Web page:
This study evaluated the prognostic importance of a new grading system focusing on the invasive tumor front, DNA profile, and the proliferation marker MIB-1. A complete geographic series of 172 women treated with radical hysterectomy (Wertheim–Meigs) for FIGO stage I–II cervical carcinomas was the target population. The analyses were performed on 141 (82%) squamous cell carcinomas of the complete series. During the period of observation (mean 222 months), 17 recurrences (12.1%) were encountered. Prognostic factors for disease-free survival were lymph node status (P < 0.000001), radical surgical margins (P = 0.00004), and tumor size (P = 0.002). The complete score of the invasive front grading system (IFG), and the individual scores of two variables—pattern of invasion and host response—were all significantly (P = 0.002, P = 0.007, P = 0.0001) associated with pelvic lymph node metastases. Host response was the single most important factor in the IFG system, and it was superior to the complete score in predicting lymph node metastases. The total IFG score was also a significant (P = 0.003) prognostic factor for disease-free survival. DNA ploidy, S-phase fraction, and MIB-1 expression were nonsignificant factors in predicting pelvic lymph node metastases and disease-free survival of the patient. The IFG in the original or modified versions could predict low- and high-risk groups of tumors and therefore be of value in treatment planning for these patients.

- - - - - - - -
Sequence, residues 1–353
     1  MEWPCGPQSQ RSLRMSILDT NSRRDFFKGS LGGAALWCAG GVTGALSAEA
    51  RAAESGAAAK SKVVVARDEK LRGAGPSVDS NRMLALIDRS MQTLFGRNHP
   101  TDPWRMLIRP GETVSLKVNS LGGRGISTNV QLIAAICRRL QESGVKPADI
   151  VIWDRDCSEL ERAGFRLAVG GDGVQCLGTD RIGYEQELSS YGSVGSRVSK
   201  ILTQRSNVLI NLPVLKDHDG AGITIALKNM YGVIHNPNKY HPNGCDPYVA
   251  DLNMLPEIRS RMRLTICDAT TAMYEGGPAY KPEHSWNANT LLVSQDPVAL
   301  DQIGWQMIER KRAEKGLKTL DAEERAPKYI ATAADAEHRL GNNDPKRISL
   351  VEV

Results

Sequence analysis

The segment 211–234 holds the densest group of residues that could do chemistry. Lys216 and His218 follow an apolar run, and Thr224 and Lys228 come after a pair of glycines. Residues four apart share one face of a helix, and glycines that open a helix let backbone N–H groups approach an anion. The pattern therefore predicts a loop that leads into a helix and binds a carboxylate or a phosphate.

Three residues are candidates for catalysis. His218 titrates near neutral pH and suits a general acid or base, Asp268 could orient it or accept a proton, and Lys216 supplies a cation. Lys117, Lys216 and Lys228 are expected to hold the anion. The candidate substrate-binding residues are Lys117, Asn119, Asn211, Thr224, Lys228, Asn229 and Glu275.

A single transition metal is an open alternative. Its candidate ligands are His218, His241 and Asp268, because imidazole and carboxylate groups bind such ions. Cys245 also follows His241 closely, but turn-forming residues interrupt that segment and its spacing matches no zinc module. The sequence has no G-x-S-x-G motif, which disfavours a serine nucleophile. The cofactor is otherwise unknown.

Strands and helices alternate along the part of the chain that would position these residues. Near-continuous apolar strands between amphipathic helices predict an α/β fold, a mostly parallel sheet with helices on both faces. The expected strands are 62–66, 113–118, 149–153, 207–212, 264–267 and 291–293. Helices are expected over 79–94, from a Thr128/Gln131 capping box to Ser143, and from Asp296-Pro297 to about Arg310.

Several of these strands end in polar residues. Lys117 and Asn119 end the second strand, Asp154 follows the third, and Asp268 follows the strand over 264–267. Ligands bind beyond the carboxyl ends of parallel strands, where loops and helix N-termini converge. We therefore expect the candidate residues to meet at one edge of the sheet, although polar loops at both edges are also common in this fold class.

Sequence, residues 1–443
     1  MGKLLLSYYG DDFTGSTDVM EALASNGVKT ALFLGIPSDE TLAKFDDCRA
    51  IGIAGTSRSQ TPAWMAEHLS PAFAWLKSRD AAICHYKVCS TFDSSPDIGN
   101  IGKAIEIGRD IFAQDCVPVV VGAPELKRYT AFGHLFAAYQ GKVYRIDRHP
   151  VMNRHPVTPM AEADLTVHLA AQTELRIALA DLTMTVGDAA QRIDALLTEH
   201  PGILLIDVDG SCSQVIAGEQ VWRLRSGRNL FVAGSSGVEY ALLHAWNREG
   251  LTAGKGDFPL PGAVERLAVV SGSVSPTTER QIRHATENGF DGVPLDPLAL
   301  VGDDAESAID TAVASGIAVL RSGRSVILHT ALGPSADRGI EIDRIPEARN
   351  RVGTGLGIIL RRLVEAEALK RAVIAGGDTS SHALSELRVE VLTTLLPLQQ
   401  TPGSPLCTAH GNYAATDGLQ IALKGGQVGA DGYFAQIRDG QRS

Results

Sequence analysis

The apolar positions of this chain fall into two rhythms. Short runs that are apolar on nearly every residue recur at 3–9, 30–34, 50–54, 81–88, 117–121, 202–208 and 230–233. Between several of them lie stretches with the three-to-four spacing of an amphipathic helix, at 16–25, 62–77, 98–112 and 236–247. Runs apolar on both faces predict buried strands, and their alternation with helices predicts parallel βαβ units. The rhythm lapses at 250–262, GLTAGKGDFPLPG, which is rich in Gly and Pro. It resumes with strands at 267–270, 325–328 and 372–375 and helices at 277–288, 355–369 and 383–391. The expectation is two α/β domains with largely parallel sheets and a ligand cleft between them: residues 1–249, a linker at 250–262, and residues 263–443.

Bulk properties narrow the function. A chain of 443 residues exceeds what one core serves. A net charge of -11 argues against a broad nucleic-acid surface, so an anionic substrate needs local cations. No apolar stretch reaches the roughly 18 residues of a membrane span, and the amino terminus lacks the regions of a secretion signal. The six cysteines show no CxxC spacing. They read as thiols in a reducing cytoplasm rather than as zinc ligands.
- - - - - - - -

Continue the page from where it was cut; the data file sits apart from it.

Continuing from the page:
- cervical cancer
- DNA ploidy
- invasive front grading (IFG)
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